posted by Ery at 7:57 AM on October 4, 2011 [2 favorites]


In bucket of bread machine, combine (in this order):
3/4 cups water
1/2 stick margarine
3 eggs + one egg white - retain 4th yolk for later
1 1/2 tsp salt
4-4 1/2 tbsp sugar
4 1/2 cups flour (we like to mix white bread flour with whole wheat)
make a well in the flour and add 2 1/2 tsp bread machine yeast

Set machine to dough setting and start.

When dough is done, braid and let rise another half hour. Makes 3 small, 2 large, 8-10 rolls, or one giant 6-braid.

Mix 4th yolk with some water and brush over braided loaves. Top with sesame seeds or poppy seeds if you prefer.

Bake for 30 minutes for 2 or 3 loaves, 25 minutes for rolls, 35 minutes for one huge one.
posted by Mchelly at 8:12 AM on October 4, 2011 [1 favorite]

The great thing about owning such a retro machine as a bread machine (and that's not a slur, I LOVE mine), is you can find early '90s cookbooks solely devoted to bread machine recipes for about $0.50 at your local thrift store. I have this one and simply love it-- all of the recipes have turned out very well! And at $0.50, you can just hit up your local Goodwill and buy ten different bread machine books and go nuts experimenting!

The best thing you can do for your bread machine recipes, though, is probably understand a little bit how bread works. It's worth skimming through the lessons on the Fresh Loaf even if you only ever make bread in your machine-- just so you know when a recipe calls for 1 tsp. of yeast and you should probably add a little more, because this batch of flour seems heavy, etc.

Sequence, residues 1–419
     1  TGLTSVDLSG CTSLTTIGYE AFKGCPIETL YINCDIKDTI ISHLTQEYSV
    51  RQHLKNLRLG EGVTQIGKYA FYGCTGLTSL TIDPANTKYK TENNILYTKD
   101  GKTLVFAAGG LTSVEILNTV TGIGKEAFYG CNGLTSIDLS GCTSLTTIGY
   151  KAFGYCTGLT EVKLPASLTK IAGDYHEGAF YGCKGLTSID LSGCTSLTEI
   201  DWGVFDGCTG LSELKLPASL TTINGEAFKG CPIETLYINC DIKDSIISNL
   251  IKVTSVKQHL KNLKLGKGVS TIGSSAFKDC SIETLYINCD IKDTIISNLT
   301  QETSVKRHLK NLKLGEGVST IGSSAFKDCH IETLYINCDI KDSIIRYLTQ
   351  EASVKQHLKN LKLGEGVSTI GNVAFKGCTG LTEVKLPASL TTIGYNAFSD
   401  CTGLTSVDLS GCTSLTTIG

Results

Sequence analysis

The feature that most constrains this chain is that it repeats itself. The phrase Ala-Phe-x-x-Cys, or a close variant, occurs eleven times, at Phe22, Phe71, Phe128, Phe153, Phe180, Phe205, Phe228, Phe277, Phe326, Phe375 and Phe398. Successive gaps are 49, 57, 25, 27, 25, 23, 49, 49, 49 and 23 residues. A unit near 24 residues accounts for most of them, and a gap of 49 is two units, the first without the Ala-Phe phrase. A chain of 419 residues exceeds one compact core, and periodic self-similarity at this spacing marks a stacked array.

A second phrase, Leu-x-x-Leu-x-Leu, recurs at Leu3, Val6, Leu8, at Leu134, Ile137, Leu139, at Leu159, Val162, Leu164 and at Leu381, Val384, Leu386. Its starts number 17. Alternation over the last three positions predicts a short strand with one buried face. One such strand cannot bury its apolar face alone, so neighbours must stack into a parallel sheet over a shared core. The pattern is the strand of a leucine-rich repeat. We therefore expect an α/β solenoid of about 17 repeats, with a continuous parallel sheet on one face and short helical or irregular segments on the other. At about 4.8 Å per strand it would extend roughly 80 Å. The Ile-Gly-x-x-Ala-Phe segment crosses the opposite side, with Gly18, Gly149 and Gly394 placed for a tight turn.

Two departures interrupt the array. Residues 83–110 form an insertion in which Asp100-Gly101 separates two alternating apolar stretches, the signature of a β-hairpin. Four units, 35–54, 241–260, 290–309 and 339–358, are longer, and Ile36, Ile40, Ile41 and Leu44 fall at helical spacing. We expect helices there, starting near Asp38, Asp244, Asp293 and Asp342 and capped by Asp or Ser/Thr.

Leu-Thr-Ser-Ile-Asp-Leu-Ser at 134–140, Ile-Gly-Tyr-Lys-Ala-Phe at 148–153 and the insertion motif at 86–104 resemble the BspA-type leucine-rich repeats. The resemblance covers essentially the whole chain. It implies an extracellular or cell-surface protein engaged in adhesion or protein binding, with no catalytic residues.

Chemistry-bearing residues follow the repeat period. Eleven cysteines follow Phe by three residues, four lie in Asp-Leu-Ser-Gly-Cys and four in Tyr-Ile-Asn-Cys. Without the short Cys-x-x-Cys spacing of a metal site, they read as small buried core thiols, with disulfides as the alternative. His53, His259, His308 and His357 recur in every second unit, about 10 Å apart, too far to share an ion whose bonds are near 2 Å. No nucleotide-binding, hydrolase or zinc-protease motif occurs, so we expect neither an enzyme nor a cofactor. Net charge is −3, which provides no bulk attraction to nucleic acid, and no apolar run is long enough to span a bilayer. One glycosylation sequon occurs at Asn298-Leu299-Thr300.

posted by WidgetAlley at 8:16 AM on October 4, 2011 [1 favorite]

Search the archive.
posted by mkultra at 8:16 AM on October 4, 2011 [2 favorites]

I am eating my sandwich at my desk, made with this homemade honey wheat bread I just made in my machine this morning. I often set the timer in advance to be finished baking when I wake up. It's so lovely to wake up to fresh bread. And this is a great, 100% whole wheat recipe.

Enjoy! :)
posted by Falwless at 10:09 AM on October 4, 2011

Oh, and make sure to add all wet ingredients plus any additional ingredients that are not flour & yeast to the machine pan first. Then add flour, dig a little hole in the top of the flour with your fingertip and pour the yeast into that little groove. This keeps the yeast separate from the water and salt, and is very important.
posted by Falwless at 10:12 AM on October 4, 2011

This is my favorite plain bread recipe, I make it almost every day.

1.5 cup warm water
2 tbsp sugar
3 tsp yeast
4 cups flour
4 tbsp oil
1 tsp salt

One inherent problem with bread machines is that the heating element doesn't get as hot as a regular oven and you get a thick crust. I usually use my bread machine to proof/knead/rise then take bake in a conventional oven.
posted by wongcorgi at 10:46 AM on October 4, 2011

Don't forget that you can use a bread machine to make dough, then take it out and make whatever great stuff you want: cinnamon rolls, hot dog buns, bread in a bread-shaped pad, etc.
posted by CathyG at 6:11 PM on October 5, 2011